Introducing FOREIGN KEY constraint 'fk_sampleelem' on table 'd_sample' may cause cycles or multiple cascade paths. Specify ON DELETE NO ACTION or ON UPDATE NO ACTION, or modify other FOREIGN KEY constraints.
If the foreign key from the sample table to the study element table is not specified (removed from the DDL or moved to the end of the CREATE TABLE statement, then SQL Server issues the error message
Introducing FOREIGN KEY constraint 'fk_sampledepth' on table 'd_sample' may cause cycles or multiple cascade paths. Specify ON DELETE NO ACTION or ON UPDATE NO ACTION, or modify other FOREIGN KEY constraints.
SQL Server does not allow either type of relationship to be created with foreign keys to automatically maintain referential integrity. This behavior is by design. Commonly recommended workarounds are to use surrogate keys and disable cascading updates, or to create custom triggers to propagate updates and deletions. One rationale for this limitation of SQL Server is that it protects the user from cascading operations through data structures containing cyclic relationships; presumably this protection is needed because such cascading operations would fail or introduce data integrity errors.
Data Structures with Cyclic Relationships
Are limitations on cascading updates and deletions through multiple pathways necessary to protect against infinite loops or data integrity errors? Such effects should not happen in the previous examples because there are no cycles in those data structures. However, perhaps the DBMSs that allow cascading through multiple paths are vulnerable to problems when updates and deletions are cascaded through data structures that actually do contain cyles. Tests with cyclic data were performed for all the DBMSs that allow the specification of cascading updates and deletions for such structures.
The data structure used for these tests is a single self-referential table, illustrated below.
The column names used in this example are representative of a data structure used for tree-structured data, but such self-referential structures are appropriate for a variety of types of data.
With this simple structure, two different types of data cycles were tested:
- A completely self-referential cycle, where a node is its own parent.
- An intertwined cross-reference, where two nodes each reference the other as their parent.
Both of these types of cycles may in some circumstances represent a logical error in the data. However, for those DBMSs that allow a self-referential structure to be created with automatic cascading of updates and deletions, these situations should nevertheless be handled sensibly.
Cascading updates and deletions were tested for all DBMSs except for SQL Server, which will not create this structure. Two deletion options were tested: "on delete cascade" and "on delete set null". All the DBMSs tested support the "on delete set null" option except for MS-Access.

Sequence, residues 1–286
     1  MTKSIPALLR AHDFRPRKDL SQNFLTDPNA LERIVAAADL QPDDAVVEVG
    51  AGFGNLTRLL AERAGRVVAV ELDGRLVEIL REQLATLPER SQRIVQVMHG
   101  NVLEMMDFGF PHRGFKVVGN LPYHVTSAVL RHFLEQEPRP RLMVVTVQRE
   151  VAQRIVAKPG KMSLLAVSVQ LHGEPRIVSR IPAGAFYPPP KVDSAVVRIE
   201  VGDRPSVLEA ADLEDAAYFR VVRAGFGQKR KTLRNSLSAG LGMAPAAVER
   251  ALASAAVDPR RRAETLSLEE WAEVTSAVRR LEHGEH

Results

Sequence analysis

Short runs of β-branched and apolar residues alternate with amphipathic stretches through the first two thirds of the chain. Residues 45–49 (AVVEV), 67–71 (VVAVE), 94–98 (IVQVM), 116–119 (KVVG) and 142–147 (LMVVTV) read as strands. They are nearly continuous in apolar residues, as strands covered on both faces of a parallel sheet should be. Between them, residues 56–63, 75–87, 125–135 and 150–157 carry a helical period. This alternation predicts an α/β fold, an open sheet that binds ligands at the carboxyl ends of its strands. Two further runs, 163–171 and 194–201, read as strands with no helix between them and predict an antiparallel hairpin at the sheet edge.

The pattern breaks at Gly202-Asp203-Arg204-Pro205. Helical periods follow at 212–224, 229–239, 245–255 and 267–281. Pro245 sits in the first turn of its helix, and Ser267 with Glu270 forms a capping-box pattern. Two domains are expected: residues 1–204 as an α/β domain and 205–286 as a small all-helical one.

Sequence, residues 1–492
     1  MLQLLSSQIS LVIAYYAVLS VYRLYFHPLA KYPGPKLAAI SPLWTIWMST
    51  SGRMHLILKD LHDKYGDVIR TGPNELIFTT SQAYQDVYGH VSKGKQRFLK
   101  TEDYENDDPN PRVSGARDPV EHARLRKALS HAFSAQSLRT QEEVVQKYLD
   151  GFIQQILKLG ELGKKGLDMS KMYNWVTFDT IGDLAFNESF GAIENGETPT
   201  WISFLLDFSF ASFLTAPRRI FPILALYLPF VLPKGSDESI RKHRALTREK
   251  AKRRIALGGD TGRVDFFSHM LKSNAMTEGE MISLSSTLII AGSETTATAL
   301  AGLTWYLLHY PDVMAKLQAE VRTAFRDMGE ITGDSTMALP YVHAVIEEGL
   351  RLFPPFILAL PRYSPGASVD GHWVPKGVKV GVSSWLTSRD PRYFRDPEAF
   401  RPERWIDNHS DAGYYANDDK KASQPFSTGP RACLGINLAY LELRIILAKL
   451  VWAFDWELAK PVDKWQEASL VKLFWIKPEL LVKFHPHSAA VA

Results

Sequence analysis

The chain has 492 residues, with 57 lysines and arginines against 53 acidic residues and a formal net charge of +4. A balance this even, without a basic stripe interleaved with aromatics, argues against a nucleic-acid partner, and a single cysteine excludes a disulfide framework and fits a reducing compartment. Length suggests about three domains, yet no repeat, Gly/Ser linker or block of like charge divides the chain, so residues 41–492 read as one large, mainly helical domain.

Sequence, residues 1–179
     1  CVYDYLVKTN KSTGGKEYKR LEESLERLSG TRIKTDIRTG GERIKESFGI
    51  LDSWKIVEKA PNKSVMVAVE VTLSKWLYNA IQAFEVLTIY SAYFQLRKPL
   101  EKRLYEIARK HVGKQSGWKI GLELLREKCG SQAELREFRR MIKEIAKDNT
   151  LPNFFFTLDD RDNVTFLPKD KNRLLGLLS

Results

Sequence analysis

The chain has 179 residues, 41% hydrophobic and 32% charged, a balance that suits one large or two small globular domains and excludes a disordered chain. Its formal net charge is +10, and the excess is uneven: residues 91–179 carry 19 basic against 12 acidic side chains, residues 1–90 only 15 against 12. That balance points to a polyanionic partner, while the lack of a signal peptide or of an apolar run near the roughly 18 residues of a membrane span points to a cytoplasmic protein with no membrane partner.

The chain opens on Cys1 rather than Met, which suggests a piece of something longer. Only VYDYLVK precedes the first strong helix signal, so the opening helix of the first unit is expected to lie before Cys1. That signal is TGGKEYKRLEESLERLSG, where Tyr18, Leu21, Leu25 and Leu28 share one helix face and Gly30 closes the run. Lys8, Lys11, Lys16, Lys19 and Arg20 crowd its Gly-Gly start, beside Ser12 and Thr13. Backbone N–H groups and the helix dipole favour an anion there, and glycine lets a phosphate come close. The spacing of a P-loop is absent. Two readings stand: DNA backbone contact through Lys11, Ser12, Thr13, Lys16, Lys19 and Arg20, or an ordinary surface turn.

Code to create the table and carry out cycle test #1 is below:
The code to carry out cycle test #2 is similar, except that the following insert statements are used:
The results of tests on the two types of cyclic data relationships are shown in the following table. A notation of "Yes" indicates that cascading updates and deletions were completed without error. The two entries for the deletion tests represent the results for "on delete cascade" and "on delete set null" options, respectively.
|DBMS||Cycle Test 1|
|Cycle Test 1|
|Cycle Test 2|
|Cycle Test 2|
Both PostgreSQL and SQLite complete all cascading updates and deletions without error.
The update operation on both tests fails in MySQL with an error message indicating that a foreign key constraint fails. However, deletions are cascaded correctly for both deletion options.
MS-Access correctly executes some update and deletion cascades for both tests. However, MS-Access does not support, and therefore cannot successfully complete, cascading deletions with a "set null" option.
LibreOffice Base correctly executes the update and delete operations of test 1, and the update operation of test 2. LibreOffice Base fails to complete the cascading deletion in test 2 with a stack overflow error. However, if the deletion cascade option is changed to "set null", LibreOffice Base completes the deletion without error. The results for cascading updates are interesting because although LibreOffice Base fails to cascade updates through multiple pathways, it successfully cascades updates through cyclic data structures.
Although usability assessments are not the focus of these tests, LibreOffice's user interface is notably ill suited to handling the cyclic data structure used here: the UI does not allow interactive creation of the self-join, and when data are edited interactively, the GUI display is not immediately updated to show the cascaded updates, with the consequence that the update appears not to have been performed correctly. There is no option to refresh the display, so the table must be closed and re-opened to see the effect of interactive changes that are cascaded through a self-join.
Although cascading updates and deletions are supported by many DBMSs, there are important variations in the robustness with which these features are implemented, particularly when there are multiple cascade pathways and cyclic structures. The differing capabilities may be important when selecting a DBMS with which to implement a particular data model. Most of the commonly used DBMSs tested failed to support cascading updates and deletions in one or more ways. However, there is currently at least one desktop DBMS (SQLite) and one client-server DBMS (PostgreSQL) that will successfully propagate cascading updates and deletions through multiple pathways and through cyclic data structures.